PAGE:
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Marc Osten
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OK! I'm a broken record. Simple, simple, simple is good, good, good! This is a salad that my cousin Levana taught me how to make and it is quick and simple. I've adjusted it slightly. See the additional notes to get the exact recipe Levana uses below my simplified version which is: 1/2 head of cabbage 1/4 to 1/2 cup canola oil 1/4 to 1/2 cup white wine vinegar A handful of roasted slivered almonds Additional Notes: Adjust the quantity of oil and vinegar based on the size of your cabbage and how tart you like your salads. I'm a... Continue reading
Posted 6 days ago at Marc's Culinary Compass
Below the video are some rules of the road for roasting vegetables! 1. Cut your vegetables into similar sizes to ensure cooking consistency and crispy browning. 2. Toss in a mixing bowl with olive oil and salt 3. Make sure each piece has room. Don't crowd the pan! 4. Use a simple roasting pan lined with parchment paper or a silpat. What is silpat? 5. Roast at 400-425 degrees F. 6. When they start to brown a bit then toss them to encourage browning on all sides 7. Poke with a fork to determine when the veggies are done. Note... Continue reading
Posted Feb 16, 2015 at Marc's Culinary Compass
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I won't lie. Preparing this duck is a culinary workout. Several hours of work but the results are worth it. It is by far the best duck I've ever had. I first had it at a Jody Adam's restaurant in Boston back in the 80's. In the very least try the marinade and use it with chicken. I guarantee you it will be a big hit. Below are pictures of my most recent effort. They follow the duck through its 3 hour journey in the oven, and here is the full recipe. The marinade details are below the pictures. Ready... Continue reading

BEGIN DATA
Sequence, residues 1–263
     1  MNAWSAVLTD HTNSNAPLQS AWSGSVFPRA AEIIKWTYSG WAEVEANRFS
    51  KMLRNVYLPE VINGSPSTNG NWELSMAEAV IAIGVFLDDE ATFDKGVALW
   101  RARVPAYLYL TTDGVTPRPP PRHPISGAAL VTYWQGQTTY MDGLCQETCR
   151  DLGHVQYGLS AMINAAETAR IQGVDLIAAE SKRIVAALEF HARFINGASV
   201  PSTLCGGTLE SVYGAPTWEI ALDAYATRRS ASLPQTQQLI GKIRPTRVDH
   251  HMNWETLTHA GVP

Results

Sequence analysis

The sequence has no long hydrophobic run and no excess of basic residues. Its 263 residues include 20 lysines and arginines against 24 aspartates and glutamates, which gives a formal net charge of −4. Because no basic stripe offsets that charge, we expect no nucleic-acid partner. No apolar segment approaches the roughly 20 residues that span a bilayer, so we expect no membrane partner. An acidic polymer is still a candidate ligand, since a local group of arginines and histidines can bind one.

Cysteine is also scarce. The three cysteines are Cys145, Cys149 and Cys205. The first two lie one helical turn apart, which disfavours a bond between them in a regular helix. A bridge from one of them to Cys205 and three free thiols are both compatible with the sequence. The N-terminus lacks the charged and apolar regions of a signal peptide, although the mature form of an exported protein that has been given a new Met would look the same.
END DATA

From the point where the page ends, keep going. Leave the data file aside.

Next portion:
Posted Feb 10, 2015 at Marc's Culinary Compass
Michael - It really is amazing how much clutter I collect and then never let go of. I'm embarrassed at the number of knives I now own. Quite a few I only use once or twice a year and frankly one of the four I mostly use would suffice for virtually every task I have in the kitchen.
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Thanks Michael. It really felt like a special moment in a special place...and as luck would have it there was no way I'd have found it if I didn't have so many traveling snafus for most of the day. Ciao my dear old friend.
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It's counter-intuitive but dull knives can be far more dangerous that sharp knives. For me, hand sharpening stinks. I can't do it very well and look stupid trying. So a few years ago I broke down and bought an inexpensive $30 electric sharpener. I use it every month or two and it is AMAZING. I'll never try to hand sharpen again. The video below gives you more detail. It's from a great source called the Webstaurant. Ciao4Now! Continue reading
Posted Feb 3, 2015 at Marc's Culinary Compass